National Super Alliance leader Raila Odinga on Sunday vowed he will soon be sworn in as the ‘people’s president’ and scoffed at President Uhuru Kenyatta’s warning last week that anyone who undermines the Constitution or peace of the nation will face the full wrath of the law.
While his determination to take the oath will appease millions of his supporters, it is likely to antagonise foreign countries, religious leaders and trade unionists, who want to bridge the rift between the opposition and the government through mediated talks.
Mr Odinga, speaking after he inaugurated the Coast People’s Assembly at Sun ’N’ Sand Beach Resort in Kilifi County, said his oath of office will happen soon, but neither he nor his party leaders gave a date.
“Nobody will stop me from lifting the Bible,” he said, referring to the Christian gesture of lifting the holy book high during oathing ceremonies. “It is better to stand up for the truth and die while at it, than to die lying down.”
The Orange Democratic Movement chief executive director Oduor Ongwen had earlier said the timetable for swearing in Mr Odinga at a national gathering was complete.
“We will swear him in, whether they like it or not. We will do it at a national gathering where he will take the reins of power immediately,” said Mr Ongwen.
Senator James Orengo said: “They say we cannot swear in Raila, but we are telling them we will bring forward the plan to do so soon.”
In his speech, Mr Odinga said he will not be intimidated by President Kenyatta’s warning, adding that “Kenya is bigger than all of us”.
He challenged President Kenyatta to address the issues raised by his supporters, including those who want to secede.
“When governors, MPs and MCAs come together and say they want to secede, that is not a laughing matter. This is serious and shouldn’t be dismissed with a mere warning that they have crossed a red line,” said Mr Odinga, adding that “the red line can only be drawn by the people of Kenya”.
Last week, the President warned that stern action would be taken against anyone threatening the country’s peace and stability. In an apparent reference to calls by the opposition for secession and plans to swear in Mr Odinga as ‘people’s president’, the Head of State said those who “cross the line” will not be tolerated.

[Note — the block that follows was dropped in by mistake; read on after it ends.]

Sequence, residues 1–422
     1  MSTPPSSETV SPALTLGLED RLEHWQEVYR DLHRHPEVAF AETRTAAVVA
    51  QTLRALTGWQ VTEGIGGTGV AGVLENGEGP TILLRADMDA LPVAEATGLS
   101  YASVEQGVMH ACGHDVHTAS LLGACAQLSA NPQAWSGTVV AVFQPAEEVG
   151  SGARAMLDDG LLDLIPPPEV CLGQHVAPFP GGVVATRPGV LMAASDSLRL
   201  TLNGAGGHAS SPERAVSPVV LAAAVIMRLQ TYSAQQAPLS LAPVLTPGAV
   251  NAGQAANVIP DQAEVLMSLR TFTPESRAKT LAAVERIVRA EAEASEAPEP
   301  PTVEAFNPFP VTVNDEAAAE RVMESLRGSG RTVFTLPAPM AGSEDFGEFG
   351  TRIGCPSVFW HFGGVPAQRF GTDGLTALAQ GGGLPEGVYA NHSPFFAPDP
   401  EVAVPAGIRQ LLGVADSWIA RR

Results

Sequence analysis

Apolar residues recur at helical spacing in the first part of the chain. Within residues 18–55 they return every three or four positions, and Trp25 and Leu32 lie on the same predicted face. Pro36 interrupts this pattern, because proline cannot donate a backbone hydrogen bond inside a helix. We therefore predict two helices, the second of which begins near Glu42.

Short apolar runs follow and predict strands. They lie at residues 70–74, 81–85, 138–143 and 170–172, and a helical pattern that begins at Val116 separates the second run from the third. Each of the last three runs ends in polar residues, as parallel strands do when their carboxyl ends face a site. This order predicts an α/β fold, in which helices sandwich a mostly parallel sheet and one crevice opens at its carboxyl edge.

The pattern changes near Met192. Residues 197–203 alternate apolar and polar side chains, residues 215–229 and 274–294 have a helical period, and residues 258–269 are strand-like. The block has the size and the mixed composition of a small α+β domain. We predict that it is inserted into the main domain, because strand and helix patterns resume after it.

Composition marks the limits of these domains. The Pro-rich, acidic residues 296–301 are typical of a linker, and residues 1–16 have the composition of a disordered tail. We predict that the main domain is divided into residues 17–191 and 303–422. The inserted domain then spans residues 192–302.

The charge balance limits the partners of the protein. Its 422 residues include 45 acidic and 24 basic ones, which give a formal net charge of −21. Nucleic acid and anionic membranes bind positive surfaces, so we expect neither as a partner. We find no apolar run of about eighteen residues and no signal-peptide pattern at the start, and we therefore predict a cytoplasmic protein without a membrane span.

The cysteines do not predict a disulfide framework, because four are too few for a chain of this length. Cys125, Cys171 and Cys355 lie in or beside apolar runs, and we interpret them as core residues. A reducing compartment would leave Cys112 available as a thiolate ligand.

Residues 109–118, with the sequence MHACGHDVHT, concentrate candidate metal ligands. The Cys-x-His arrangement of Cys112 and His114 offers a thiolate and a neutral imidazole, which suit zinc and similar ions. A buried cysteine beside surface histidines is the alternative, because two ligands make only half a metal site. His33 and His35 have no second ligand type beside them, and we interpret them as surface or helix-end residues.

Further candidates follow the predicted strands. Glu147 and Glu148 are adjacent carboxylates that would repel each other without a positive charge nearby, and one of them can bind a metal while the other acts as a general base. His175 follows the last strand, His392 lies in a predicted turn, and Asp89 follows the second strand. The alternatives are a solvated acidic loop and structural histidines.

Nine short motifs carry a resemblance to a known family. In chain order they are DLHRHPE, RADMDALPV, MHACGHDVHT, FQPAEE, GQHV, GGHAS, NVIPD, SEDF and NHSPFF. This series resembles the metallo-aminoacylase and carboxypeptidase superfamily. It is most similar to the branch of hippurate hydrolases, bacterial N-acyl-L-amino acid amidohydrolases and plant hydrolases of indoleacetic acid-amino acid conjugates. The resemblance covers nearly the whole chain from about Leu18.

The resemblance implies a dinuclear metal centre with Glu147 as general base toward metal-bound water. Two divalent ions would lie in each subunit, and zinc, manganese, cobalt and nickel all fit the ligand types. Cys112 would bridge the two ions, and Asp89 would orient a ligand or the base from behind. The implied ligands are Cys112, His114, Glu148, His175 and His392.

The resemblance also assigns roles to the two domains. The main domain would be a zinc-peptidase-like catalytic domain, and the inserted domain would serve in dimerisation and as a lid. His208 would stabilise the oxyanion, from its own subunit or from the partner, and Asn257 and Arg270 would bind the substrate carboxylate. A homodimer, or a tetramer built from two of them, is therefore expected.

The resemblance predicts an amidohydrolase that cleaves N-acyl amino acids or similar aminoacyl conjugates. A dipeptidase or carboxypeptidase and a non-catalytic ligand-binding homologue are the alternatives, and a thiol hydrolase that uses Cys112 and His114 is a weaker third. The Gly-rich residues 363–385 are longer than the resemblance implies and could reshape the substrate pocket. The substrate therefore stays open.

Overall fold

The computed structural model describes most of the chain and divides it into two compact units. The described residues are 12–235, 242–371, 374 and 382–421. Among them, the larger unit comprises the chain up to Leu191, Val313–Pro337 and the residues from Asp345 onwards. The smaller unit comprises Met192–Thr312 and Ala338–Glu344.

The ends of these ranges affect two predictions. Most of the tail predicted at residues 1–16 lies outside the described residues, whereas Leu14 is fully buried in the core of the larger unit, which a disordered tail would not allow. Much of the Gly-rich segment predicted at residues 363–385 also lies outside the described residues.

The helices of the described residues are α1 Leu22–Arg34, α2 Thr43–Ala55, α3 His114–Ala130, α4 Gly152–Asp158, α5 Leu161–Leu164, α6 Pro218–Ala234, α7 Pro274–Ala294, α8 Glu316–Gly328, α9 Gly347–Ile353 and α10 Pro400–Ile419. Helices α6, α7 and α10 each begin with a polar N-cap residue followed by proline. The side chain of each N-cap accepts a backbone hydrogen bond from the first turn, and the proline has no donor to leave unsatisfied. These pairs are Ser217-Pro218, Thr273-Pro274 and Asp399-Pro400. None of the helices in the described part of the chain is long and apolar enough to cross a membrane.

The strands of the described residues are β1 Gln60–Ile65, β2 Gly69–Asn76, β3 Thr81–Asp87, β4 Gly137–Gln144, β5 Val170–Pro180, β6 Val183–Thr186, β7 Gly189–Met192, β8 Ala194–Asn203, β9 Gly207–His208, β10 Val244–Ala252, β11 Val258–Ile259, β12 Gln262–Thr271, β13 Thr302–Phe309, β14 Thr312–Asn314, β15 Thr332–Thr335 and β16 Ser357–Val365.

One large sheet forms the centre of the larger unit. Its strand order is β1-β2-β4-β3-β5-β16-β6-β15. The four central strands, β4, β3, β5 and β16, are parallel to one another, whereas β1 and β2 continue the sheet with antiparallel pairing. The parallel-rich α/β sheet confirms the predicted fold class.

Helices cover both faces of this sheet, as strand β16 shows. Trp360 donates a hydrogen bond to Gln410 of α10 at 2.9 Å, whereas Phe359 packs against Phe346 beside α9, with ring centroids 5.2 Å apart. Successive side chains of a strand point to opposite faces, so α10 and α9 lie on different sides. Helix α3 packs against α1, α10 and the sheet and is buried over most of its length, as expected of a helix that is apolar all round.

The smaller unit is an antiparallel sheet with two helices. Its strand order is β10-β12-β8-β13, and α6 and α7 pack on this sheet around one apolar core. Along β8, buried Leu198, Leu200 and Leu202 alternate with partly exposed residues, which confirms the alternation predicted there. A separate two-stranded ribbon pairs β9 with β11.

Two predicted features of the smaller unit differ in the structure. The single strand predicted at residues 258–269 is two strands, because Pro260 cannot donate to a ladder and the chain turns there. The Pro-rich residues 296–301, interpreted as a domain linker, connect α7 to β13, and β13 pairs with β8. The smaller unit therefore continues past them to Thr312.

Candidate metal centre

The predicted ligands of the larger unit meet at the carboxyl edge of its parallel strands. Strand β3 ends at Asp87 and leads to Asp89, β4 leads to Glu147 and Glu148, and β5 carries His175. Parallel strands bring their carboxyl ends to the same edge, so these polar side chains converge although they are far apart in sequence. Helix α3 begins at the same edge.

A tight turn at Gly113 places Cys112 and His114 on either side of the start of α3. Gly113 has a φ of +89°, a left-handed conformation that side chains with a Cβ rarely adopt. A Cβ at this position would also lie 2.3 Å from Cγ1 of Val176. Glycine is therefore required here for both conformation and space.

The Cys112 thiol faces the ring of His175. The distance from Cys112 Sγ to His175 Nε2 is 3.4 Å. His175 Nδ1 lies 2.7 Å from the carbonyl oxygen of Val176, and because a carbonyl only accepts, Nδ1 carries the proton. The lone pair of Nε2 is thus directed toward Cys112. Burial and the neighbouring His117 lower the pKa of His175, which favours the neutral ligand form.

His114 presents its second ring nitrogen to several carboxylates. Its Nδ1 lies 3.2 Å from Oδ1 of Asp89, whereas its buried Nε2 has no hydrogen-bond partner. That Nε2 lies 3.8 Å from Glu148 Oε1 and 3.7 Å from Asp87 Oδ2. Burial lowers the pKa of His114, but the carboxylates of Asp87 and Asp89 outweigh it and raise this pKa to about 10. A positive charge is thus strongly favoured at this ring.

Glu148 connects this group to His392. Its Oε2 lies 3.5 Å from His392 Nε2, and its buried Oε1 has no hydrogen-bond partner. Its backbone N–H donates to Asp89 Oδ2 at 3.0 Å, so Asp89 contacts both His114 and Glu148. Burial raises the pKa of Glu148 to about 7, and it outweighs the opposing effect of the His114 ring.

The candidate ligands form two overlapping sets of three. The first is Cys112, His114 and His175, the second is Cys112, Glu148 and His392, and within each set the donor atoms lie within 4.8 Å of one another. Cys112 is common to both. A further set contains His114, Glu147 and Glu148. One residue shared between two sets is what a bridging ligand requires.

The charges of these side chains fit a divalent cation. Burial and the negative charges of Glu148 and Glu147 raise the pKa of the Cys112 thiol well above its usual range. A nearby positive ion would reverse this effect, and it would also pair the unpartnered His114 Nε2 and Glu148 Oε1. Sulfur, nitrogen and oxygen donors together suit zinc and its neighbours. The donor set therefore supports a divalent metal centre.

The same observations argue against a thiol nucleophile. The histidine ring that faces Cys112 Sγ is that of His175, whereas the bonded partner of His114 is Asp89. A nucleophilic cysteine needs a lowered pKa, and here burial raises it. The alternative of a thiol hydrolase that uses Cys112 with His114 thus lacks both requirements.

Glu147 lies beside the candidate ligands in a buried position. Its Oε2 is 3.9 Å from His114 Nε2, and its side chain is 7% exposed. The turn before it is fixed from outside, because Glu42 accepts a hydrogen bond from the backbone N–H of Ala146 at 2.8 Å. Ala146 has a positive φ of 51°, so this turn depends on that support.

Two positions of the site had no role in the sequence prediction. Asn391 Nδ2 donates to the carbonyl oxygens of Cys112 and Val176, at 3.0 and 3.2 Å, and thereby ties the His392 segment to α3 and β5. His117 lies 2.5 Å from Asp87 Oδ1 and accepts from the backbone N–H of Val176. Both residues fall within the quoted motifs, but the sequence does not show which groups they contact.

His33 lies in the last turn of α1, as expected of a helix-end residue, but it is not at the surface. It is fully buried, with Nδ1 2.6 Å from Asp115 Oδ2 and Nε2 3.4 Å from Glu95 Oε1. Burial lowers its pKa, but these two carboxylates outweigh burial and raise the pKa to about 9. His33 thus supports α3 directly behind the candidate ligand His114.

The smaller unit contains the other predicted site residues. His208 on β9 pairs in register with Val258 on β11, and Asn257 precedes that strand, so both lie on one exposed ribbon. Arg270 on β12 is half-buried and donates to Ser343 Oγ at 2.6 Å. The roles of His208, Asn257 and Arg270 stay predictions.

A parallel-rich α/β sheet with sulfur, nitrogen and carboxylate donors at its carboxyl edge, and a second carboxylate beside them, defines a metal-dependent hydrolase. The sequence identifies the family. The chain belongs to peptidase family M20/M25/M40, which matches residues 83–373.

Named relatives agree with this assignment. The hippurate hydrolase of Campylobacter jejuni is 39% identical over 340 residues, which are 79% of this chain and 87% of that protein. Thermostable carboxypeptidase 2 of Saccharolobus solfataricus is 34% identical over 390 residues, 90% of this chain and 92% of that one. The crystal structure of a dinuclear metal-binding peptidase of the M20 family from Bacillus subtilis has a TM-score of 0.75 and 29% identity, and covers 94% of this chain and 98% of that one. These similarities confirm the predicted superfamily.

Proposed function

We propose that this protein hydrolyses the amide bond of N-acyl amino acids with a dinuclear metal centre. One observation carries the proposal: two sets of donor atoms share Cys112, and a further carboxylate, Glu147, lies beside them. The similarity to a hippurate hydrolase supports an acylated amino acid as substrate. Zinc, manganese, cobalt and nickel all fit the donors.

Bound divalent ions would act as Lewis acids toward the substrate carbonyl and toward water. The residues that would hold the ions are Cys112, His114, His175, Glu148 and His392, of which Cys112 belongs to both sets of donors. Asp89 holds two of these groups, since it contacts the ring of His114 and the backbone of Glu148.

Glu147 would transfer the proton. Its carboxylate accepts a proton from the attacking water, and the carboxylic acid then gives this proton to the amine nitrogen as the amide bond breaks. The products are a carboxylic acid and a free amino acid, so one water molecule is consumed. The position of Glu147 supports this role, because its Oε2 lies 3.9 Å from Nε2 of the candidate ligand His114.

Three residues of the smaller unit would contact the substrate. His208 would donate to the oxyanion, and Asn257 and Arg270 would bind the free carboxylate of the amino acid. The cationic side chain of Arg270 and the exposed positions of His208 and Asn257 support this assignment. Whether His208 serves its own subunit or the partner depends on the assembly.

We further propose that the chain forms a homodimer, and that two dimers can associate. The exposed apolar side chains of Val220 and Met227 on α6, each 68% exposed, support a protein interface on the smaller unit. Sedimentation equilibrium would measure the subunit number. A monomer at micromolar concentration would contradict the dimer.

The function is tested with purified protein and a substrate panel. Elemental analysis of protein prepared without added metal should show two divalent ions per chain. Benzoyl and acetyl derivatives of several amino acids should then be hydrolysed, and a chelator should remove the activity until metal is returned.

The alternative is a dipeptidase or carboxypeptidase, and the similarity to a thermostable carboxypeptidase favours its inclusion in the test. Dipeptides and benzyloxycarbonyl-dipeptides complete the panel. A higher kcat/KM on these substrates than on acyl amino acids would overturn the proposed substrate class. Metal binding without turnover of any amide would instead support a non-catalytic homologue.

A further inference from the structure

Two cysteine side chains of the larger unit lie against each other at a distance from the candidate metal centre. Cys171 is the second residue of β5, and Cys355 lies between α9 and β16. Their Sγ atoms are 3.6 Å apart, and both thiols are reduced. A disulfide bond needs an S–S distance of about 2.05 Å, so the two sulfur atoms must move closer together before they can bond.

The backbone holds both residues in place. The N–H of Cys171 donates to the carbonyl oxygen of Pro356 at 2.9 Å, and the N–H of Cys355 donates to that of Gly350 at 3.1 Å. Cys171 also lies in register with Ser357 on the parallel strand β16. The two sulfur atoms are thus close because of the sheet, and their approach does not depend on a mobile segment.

“We will not entertain any language, any action that threatens our territorial integrity,” he told governors and their deputies at Diani Reef Hotel in Kwale.
But, speaking on Sunday during the opposition convention in Kilifi, Mombasa Governor Hassan Joho and his Kilifi counterpart Amason Kingi said any attempt to arrest them will “fuel” the opposition’s fire.
“You cannot defend territorial integrity but forget the dignity of the human beings within that territory,” said Mr Joho. “We will not stop talking until our people get their rights.”
Before the meeting on Sunday, Mr Odinga had not spoken in public since December 11, when he suspended his swearing-in plans, to the chagrin of some of his supporters.
The opposition is pushing a four-point agenda for national dialogue, which includes strengthening of institutions like the police and the Judiciary, ethnic inclusivity in government, good governance, and devolution.
President Kenyatta, on the other hand, has insisted that he will only dialogue on economic transformation of the country.
On Sunday, Mr Odinga said recent calls for secession by coastal leaders were as a result of frustrations and deprivation, which should not be dismissed through blackmail.
“Anybody who does not see that we are at a tipping point does not live in Kenya,” he said.
“We have held ourselves back in the last few days in the hope that some kind of common will, will prevail, but we are not going to be patient forever.
“Kenya will be moved forward by the collective will of the people, who are saying ‘No’ to electoral injustices,” he said.
Mr Odinga said the country has reached a stage that can only be dealt with through concrete positive dialogue and negotiations.
Although talks could be crucial in ending the political uncertainty, sources within diplomatic circles say Jubilee Party and President Uhuru Kenyatta are not keen on them and are unlikely to negotiate in good faith.
Diplomatic and religious leaders who are privy to the efforts to bring President Kenyatta and Mr Odinga to the negotiating table said Western countries believe the planned oathing could isolate Mr Odinga in some diplomatic circles.
“Locally, some of his allies could desert him and his legacy could go up in smoke,” said a diplomatic source, speaking on condition of anonymity.
“Internationally, he could face unspecified sanctions. We in the diplomatic community, support dialogue.”
But, while the Western nations are keen on persuading President Kenyatta to form an inclusive government, the push is not to lobby for the appointment of specific individuals.
“We are not lobbying for anyone to be appointed, but we have said inclusivity and good governance will help address some of the ills we have seen around election periods,” he said.
Reporting by Ibrahim Oruko, Mohamed Ahmed and Silas Apollo